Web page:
New report guides on Listeria monocytogenes within food manufacturing

By William Dodds

- Last updated on GMT

Listeria monocytogenes must be managed during manufacturing processes. Credit: Getty / andresr
Listeria monocytogenes must be managed during manufacturing processes. Credit: Getty / andresr

Related tags Food safety health & safety Listeria

A report by the Chilled Food Association (CFA) has produced new guidance for the management of Listeria monocytogenes during food production.

The report sets out key guidance for the management of L. monocytogenes in the food manufacturing industry, which spans planning, testing and response.

Entitled ‘Principles of an environmental monitoring program for the management of listeria monocytogenes’, the CFA report aims to offer SMEs with support in producing an effective strategy.

While raw vegetables, fish and meat are more likely to be contaminated with the pathogen, it can also be found in ready-to-eat food, refrigerated goods and processed cooked food. As a result, the creation of an environmental monitoring programme is essential in any manufacturer’s toolkit.

Developing an appropriate listeria strategy

An environmental monitoring programme should be supported through visual inspections, swabbing at risk areas using ATP monitors to judge cleanliness and sampling plans that should be reviewed annually. The locations in which these strategies are employed should change regularly when strains of listeria are not detected to ensure all areas are safe.

The CFA guidance also specifies a list of considerations that must be acknowledged while establishing an environmental sampling programme. The report states that such a programme cannot be generic due to variations in size, complexity and risk within food manufacturing environments, and therefore a tailored approach must be developed in-house.

The considerations that must be taken into account during the design of this approach include the type of sample that is being taken, the location and number of samples, the frequency of sampling, the tools and techniques in use, and the level of training given to the individual taking the sample.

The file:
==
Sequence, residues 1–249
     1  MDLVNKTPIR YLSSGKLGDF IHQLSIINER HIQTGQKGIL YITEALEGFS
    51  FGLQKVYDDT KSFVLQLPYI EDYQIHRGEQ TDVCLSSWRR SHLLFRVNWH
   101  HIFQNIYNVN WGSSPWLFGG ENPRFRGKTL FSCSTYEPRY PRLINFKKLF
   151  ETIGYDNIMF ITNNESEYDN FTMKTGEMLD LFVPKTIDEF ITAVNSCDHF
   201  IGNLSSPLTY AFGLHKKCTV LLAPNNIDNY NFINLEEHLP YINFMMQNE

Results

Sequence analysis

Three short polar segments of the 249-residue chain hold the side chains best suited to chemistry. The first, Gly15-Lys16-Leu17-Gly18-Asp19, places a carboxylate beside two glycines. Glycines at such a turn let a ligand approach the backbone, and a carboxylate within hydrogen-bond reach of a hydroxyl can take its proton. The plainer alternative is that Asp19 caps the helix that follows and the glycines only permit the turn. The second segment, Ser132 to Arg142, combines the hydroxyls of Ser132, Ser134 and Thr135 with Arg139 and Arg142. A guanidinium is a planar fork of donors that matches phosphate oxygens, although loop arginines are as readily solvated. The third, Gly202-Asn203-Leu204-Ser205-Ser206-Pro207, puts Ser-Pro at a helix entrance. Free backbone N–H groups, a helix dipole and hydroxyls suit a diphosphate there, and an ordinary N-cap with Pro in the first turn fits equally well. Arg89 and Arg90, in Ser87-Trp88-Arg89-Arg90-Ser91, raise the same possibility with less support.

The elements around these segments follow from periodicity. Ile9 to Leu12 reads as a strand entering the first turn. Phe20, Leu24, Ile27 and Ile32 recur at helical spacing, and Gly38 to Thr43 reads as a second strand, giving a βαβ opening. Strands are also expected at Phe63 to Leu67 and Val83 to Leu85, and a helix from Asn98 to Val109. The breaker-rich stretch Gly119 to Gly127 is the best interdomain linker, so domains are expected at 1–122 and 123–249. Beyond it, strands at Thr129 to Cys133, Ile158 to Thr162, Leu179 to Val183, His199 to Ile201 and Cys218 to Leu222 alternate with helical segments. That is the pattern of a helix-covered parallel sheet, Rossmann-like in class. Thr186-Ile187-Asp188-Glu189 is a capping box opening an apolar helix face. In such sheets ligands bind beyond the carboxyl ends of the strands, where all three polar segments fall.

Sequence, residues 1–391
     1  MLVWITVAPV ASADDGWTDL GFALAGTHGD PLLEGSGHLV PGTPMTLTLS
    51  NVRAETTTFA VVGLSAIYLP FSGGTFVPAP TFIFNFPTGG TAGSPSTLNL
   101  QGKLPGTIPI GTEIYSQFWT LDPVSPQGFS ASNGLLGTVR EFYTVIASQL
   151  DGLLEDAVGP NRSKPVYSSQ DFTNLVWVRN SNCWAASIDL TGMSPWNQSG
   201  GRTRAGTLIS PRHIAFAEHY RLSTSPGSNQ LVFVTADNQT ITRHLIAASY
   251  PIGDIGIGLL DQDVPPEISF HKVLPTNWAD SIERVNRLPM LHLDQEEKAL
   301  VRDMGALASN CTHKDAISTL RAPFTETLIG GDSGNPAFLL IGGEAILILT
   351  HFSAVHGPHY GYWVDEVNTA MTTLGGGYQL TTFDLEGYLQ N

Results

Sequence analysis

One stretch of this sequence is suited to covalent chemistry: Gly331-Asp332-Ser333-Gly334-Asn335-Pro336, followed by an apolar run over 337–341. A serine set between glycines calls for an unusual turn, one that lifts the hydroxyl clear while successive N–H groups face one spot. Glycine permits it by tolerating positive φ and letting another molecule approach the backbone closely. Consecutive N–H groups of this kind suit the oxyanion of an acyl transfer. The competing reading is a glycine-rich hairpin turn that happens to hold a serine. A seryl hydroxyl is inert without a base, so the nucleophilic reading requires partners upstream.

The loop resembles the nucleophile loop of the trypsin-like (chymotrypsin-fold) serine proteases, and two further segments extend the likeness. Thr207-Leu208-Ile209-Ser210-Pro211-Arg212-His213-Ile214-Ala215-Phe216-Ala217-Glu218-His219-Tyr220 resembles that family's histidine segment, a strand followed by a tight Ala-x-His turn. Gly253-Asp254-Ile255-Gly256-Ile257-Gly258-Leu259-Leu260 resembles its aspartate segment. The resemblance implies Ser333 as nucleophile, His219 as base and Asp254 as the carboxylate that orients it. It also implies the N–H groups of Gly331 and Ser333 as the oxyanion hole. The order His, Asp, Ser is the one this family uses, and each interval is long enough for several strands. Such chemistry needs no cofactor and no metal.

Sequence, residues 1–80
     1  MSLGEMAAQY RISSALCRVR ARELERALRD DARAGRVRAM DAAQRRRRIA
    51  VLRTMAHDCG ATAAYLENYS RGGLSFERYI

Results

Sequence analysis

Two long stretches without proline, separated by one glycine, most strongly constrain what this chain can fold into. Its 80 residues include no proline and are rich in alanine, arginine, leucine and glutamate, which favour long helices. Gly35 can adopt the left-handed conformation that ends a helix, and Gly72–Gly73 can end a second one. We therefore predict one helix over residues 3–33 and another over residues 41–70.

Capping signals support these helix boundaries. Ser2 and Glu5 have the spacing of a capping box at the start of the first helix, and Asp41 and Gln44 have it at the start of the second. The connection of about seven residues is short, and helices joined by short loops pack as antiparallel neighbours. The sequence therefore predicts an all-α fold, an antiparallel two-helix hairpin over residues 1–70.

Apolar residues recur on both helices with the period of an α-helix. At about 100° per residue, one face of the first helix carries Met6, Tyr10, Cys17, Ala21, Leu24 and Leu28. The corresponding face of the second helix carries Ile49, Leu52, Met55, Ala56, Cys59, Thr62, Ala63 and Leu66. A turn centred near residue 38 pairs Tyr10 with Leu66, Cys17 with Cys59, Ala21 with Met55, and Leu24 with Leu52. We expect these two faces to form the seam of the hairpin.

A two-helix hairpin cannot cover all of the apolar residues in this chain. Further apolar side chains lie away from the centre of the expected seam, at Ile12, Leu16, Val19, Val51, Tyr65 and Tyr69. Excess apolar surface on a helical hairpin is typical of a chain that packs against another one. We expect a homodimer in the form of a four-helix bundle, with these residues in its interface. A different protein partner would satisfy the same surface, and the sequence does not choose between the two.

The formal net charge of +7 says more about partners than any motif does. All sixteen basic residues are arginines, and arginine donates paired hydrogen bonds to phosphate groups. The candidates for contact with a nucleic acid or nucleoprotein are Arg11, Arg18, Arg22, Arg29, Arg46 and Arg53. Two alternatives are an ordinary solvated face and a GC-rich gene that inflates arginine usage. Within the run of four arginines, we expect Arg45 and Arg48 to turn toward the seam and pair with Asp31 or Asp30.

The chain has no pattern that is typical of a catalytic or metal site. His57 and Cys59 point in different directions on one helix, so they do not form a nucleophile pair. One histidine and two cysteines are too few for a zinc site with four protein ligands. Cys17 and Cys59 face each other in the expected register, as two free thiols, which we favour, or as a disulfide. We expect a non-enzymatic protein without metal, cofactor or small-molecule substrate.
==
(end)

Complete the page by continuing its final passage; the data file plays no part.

The analytical methods used to identify L. monocytogenes must also be suitable for the setting, while all listeria data should be stored, with a focus on this strain as it dangerous to humans. The trends identified by the analysis and data storage should then be assessed weekly, so that any outbreaks can be prevented and managed.

On the issue of finding listeria strains, the CFA reaffirms that it is not uncommon for them to be found in a processing environment and that enforcement agencies do not need to be informed in every case. However, an appropriate plan should be established that allows the situation to be managed.

Such a plan should include a review of all data leading up to an outbreak, allowing for investigations to be targeted and the source of contamination to be more easily identified. Once this has been established, the appropriate action can be determined based on the level of contamination and the risk of products being contaminated.

Additional samples can then be taken to trace the source of the listeria, depending on the risk of recontamination. Otherwise, additional cleaning and testing of a product can be required.

In other news, Denise Rion of the BFFF looks at the guidance around Listeria in the UK​.

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1 comment

Environmental Monitoring Program best practiceguidance

Posted by Karin Goodburn,

This guidance and a plethora of other Listeria-related best practice is downloadable from

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